When Amazon announced its new microwave on Thursday, images of Greek warriors sneaking out of the Trojan horse into the city of Troy came to mind. Only, in this version, the warriors were Amazon employees and Troy was our private home.

        While this is not like the invasions we learn about in history books, it is an invasion of another kind — one that may set new precedents for the future of privacy and technology in our homes.

       By its own count, Amazon announced 70 new devices last week. Nearly all have its Alexa voice-assistant technology, including new Echo speakers, a smart plug that connects Alexa to any appliance, and a security system that talks to — you guessed it — Alexa. Welcome to the new, invasive, normal.

        If the average home had all of the Alexa products installed, most of its private spaces could essentially be bugged. This is not a tinfoil-hat conspiracy, but rather based on facts. Earlier this year, an Amazon Echo recorded its owner’s private conversation and sent it to a contact in their phone, as reported by CBC. Amazon officials explained that the artificial intelligence woke up as a result of misinterpreting a word that sounded like “Alexa.”

        According to Strategy Analytics, intelligent home speakers, i.e. those with voice-assistance, are predicted to account for nearly 90 per cent of all Wi-Fi speakers sold in 2020. In Canada alone, Edison Research and Triton found that more than 30 per cent of smart speaker owners have an Amazon Echo device.

        Amazon’s new microwave is not equipped with a speaker, but rather has the capabilities to pair with Amazon’s Echo. This is a clever ploy to showcase how Amazon’s system can turn regular appliances into smart gadgets — yet another step towards the proliferation of Alexa.

It may seem trivial to worry about something as small as a microwave. But you should. And here’s why.

Alexa has the capability to track habits, product selection, and consumer choices — not to mention the potential to accidentally listen in on sensitive content. The microwave can even track the amount of times you make popcorn and automatically reorder it through Amazon’s delivery service. It may sound ideal, but it’s yet another way for companies to spread their tentacles into the everyday lives of customers.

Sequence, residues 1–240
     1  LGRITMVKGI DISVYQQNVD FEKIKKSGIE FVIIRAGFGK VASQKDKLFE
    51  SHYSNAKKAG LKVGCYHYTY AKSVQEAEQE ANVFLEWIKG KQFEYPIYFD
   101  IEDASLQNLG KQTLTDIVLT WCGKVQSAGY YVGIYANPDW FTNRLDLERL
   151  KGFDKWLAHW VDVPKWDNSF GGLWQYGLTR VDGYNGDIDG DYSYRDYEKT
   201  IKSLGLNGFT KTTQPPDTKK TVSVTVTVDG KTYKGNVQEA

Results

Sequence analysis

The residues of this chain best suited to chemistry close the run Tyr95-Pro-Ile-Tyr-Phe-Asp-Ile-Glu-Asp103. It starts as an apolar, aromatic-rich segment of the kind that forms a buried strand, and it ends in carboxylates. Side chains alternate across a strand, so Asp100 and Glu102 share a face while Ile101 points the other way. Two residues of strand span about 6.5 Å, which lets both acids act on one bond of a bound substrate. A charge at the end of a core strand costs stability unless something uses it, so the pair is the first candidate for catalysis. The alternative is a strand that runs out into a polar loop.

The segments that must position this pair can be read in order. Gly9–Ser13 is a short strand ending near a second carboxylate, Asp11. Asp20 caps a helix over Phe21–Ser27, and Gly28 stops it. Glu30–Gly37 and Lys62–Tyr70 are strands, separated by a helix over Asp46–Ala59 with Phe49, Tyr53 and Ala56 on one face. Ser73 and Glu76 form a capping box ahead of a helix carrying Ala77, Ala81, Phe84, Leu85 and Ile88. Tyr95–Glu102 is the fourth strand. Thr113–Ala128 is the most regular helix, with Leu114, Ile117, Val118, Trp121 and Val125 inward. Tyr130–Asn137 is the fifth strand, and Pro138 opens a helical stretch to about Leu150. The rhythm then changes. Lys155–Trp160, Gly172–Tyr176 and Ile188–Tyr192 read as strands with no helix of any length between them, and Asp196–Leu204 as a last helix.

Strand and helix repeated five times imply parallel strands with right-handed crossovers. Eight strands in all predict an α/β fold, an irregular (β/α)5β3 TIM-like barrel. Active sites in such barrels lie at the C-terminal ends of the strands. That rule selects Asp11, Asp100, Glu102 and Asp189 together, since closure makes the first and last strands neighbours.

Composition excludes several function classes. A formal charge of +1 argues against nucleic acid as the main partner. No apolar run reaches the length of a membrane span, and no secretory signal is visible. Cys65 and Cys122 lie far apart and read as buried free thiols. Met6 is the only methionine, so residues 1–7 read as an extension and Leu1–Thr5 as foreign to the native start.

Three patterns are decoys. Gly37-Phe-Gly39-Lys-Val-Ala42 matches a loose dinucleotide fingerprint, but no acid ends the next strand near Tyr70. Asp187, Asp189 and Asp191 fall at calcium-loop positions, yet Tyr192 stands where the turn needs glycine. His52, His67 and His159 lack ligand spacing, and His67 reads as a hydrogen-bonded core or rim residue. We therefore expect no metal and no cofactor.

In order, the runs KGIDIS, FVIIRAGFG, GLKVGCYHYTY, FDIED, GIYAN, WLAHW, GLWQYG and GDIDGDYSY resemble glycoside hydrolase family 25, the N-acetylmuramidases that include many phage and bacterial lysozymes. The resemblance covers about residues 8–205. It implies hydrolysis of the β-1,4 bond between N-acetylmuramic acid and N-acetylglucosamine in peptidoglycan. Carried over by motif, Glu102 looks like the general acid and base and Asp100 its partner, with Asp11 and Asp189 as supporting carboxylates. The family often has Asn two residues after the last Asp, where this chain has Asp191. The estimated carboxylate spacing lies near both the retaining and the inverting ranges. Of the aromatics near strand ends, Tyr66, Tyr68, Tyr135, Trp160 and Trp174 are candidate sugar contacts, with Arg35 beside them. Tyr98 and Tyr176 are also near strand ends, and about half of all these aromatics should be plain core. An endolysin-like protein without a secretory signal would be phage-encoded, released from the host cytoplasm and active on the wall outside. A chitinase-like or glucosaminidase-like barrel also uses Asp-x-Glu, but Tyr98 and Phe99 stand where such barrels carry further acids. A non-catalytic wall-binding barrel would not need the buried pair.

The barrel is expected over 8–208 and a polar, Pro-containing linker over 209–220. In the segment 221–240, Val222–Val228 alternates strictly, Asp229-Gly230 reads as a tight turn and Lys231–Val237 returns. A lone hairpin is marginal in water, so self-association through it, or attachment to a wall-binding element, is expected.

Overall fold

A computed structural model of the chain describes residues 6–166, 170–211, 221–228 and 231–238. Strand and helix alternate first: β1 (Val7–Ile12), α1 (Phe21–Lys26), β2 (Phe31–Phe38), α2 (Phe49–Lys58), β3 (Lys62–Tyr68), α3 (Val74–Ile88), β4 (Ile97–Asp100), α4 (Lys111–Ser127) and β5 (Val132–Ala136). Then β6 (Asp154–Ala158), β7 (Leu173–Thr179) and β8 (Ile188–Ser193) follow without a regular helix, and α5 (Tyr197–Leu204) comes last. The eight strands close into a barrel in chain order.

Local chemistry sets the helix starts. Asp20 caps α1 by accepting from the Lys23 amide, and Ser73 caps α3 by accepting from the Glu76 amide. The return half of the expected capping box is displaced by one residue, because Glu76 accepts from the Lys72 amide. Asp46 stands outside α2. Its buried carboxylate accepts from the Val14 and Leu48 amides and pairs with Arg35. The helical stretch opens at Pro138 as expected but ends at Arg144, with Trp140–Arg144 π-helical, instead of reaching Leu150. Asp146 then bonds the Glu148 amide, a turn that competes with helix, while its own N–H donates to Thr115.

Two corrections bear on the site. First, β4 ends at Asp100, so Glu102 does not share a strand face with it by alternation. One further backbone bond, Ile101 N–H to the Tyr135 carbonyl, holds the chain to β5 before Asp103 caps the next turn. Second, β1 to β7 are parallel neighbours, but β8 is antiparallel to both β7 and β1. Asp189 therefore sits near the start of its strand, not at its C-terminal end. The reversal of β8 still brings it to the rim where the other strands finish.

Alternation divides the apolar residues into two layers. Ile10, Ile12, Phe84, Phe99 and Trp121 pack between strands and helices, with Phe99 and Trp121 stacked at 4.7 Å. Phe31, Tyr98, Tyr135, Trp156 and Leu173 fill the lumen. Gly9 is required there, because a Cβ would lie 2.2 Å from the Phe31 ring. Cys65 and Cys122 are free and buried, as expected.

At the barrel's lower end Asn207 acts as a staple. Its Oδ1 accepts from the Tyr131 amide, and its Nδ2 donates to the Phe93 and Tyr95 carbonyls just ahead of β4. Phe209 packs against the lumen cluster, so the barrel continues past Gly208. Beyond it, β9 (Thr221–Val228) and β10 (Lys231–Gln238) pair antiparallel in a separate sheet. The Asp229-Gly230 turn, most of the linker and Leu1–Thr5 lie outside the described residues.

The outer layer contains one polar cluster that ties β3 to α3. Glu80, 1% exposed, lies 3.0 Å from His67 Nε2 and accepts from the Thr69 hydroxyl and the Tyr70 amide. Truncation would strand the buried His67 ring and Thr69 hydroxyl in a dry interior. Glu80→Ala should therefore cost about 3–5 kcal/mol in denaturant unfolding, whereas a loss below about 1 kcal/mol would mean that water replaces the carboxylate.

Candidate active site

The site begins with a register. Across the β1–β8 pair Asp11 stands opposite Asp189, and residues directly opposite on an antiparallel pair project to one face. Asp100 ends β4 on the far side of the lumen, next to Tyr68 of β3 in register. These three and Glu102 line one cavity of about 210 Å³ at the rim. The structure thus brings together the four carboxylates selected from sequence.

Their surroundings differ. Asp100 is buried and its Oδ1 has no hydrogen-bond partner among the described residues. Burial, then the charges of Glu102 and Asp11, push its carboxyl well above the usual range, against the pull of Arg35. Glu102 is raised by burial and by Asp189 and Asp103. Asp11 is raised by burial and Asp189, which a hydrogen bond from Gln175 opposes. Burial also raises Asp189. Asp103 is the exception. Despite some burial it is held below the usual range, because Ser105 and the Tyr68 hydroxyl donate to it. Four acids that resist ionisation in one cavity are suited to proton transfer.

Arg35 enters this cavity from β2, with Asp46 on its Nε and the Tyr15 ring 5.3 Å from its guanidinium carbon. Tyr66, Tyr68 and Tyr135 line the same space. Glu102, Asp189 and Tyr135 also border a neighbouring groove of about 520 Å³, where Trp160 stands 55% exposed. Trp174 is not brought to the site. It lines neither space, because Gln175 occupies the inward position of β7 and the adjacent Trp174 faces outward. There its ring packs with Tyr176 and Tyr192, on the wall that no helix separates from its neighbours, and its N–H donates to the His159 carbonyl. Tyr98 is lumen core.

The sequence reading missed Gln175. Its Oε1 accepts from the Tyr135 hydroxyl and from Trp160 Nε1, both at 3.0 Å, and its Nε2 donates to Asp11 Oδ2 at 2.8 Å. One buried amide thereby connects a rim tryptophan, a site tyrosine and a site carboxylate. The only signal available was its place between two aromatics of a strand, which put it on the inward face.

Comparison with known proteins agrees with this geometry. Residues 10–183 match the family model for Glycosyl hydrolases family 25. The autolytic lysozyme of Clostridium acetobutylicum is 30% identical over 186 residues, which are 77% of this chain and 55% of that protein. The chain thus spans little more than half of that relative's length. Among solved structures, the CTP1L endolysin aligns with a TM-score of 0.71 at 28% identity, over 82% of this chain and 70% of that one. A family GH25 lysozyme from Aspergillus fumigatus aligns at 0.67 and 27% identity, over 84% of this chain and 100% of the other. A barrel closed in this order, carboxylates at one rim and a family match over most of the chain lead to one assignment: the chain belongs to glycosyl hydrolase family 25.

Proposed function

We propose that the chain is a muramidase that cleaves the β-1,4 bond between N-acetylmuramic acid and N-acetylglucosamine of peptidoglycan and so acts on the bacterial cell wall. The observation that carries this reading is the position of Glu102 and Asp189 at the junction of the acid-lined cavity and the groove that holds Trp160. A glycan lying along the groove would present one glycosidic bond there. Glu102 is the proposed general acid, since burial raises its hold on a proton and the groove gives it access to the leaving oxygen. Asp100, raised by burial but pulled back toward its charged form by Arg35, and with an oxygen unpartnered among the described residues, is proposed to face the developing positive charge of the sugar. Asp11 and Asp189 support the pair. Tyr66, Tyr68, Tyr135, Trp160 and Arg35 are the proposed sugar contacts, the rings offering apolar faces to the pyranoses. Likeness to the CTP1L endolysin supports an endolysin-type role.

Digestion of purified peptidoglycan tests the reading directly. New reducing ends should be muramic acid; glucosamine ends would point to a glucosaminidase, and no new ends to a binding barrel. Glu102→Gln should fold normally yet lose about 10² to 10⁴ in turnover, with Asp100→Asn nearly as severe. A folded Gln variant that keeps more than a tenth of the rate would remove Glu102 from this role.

As consumers, we are giving away too much of our personal data at the benefit of convenience. But, it doesn’t need to be this way.

        Snips, a French company, has created a private-by-design voice-recognition software. This allows voice commands to be processed on the user’s device, rather than transferring data to a central server such as the Cloud. So, why do devices like Alexa still insist on invading our privacy?

        The simple answer: money and consumer data. Amazon’s new microwave is strategically priced at $60, which is a reasonable comparison to others on the market. It is not intended as a money maker, rather it was created with the intent to consume and download as much data from its users as possible, and report its findings back to the mothership.

If you think Alexa is about user convenience, think again — voice domination is just another invasion tactic of today’s tech.

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